Tag Archives: Easter

Resurrection Day

6 am service.  Darkness.  Stillness.  Anticipation.  Meditating on the stained glass.  Chanting in candlelight.  A renewed love for the ancient traditions of the church.  The Israelites passing through the sea.  Ezekiel’s words of God’s gift of a new heart and a new spirit.  Tears of joy.  Baptism of Levi.  Surrounded by small group friends and the grunts of the newest baby.

Candles lit!  Lights on!  Loud voices!  Alleluia – Christ is risen! Laughter!  Smiles!  I again resist doing paddle turns in the aisle.

Hallelujah chorus.  The old version of Jesus Christ is Risen Today, and not my familiar Wesleyan hymn Christ the Lord is Risen Today.  It’s okay – YouTube will play it in the car.

Christ the Lord is ris’n today, Alleluia!
Sons of men and angels say, Alleluia!
Raise your joys and triumphs high, Alleluia!
Sing, ye heav’ns, and earth, reply, Alleluia!

Lives again our glorious King, Alleluia!
Where, O death, is now thy sting? Alleluia!
Once He died our souls to save, Alleluia!
Where thy victory, O grave? Alleluia!

Love’s redeeming work is done, Alleluia!
Fought the fight, the battle won, Alleluia!
Death in vain forbids His rise, Alleluia!
Christ hath opened paradise, Alleluia!

Soar we now where Christ hath led, Alleluia!
Foll’wing our exalted Head, Alleluia!
Made like Him, like Him we rise, Alleluia!
Ours the cross, the grave, the skies, Alleluia!

Breakfast biscuits (because we’re home from church by 8:30).  Potluck dishes start to arrive.  A nap, dreaming of missing the feast.

Preparations.  Tablecloths and napkins and china.  Ham and macaroni and carrots.  A Coke for caffeine.  Dancing to He’s Alive in front of my couch.

Friends arrive.  More friends arrive.  More friends arrive.  Greg and I busy in the kitchen with a living room full of joyful people.  We pray like a family.

Grab a plate!  We’re missing one.  Who came unannounced?  We’re glad you’re here – we’ll squeeze in one more.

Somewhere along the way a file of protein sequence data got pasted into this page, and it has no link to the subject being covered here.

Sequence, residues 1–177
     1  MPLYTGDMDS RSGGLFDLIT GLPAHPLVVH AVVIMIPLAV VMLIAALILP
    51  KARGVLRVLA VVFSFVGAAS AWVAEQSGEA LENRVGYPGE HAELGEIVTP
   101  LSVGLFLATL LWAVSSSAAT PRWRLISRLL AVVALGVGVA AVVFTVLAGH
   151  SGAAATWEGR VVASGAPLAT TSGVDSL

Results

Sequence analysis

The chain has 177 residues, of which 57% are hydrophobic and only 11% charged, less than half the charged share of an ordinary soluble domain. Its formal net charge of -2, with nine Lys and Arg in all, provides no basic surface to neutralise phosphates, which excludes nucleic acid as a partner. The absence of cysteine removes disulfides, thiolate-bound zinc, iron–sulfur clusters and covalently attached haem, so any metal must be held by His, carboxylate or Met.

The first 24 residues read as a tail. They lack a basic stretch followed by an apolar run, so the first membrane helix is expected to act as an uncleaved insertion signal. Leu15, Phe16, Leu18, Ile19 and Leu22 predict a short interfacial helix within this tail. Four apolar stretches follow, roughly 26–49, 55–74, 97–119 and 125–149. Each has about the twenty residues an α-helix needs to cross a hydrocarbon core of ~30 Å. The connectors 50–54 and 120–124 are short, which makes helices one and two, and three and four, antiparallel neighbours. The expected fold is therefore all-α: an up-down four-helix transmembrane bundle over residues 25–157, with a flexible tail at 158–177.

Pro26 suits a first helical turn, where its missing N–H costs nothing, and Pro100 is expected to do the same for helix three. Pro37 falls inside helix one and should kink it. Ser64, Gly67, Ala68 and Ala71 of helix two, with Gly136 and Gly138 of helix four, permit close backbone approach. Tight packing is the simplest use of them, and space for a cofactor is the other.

Talk of ocelots.  Mountain lions. Taxes (nixed).  Homecoming mums.  Ten/Nine/Eleven Commandments.  Alfred E. Neutrino.  Making plasma with grapes.  A list of dubious facts grows as grad students feast.  All 14 stay for Fishbowl.  8 stay for Nertz.  They disperse.

Comfy clothes, lemonade-ice tea, Father Elijah, and a spot in the gazebo by my husband.  Peace.

Ham leftovers.  Hungrily racing to the finish of Father Elijah.  Reluctantly stopping to go to bed for an early morning.

An hour of near-silent worship of my wonderful God, who holds the whole world in His hands.

Thanks be to God.  Alleluia!  Alleluia!


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Did you spend time remembering His suffering? Meditating on His death?
Do you now feel the joy of His life in every fiber of your being?
I sure do!

For your enjoyment, worship, and celebration, here are the three songs that are on repeat in my head through all of Easter:

My mom has used this song in her recital twice, and it always generates incredible stories. So powerful!



I love the simple call of this song: “Christ is risen from the dead – now you can come awake!!!”



And finally, what is Easter without this good old Wesleyan hymn?
(Answer: just as complete as it ever was, but I sure do love this song.)

Happy Easter! He is Risen!!

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Research on Good Friday

When your research requires blood, you become very grateful for any blood that doesn’t come from you.

A few weeks ago I got a large number of samples from a local hospital, and as I was testing them, I started praying for them. Their precious tubes of blood, though they have no identifiers, can tell me so much about them. I know if they’re tired and weak from a low hemoglobin level; I know if they’re fighting a horrible infection by the large buffy coat. So I pray for their healing.

When my friends in my lab volunteer, I am even more thankful! I watch their faces as the needle breaks through their skin, and I know the suffering they experience so that I can conduct my experiments.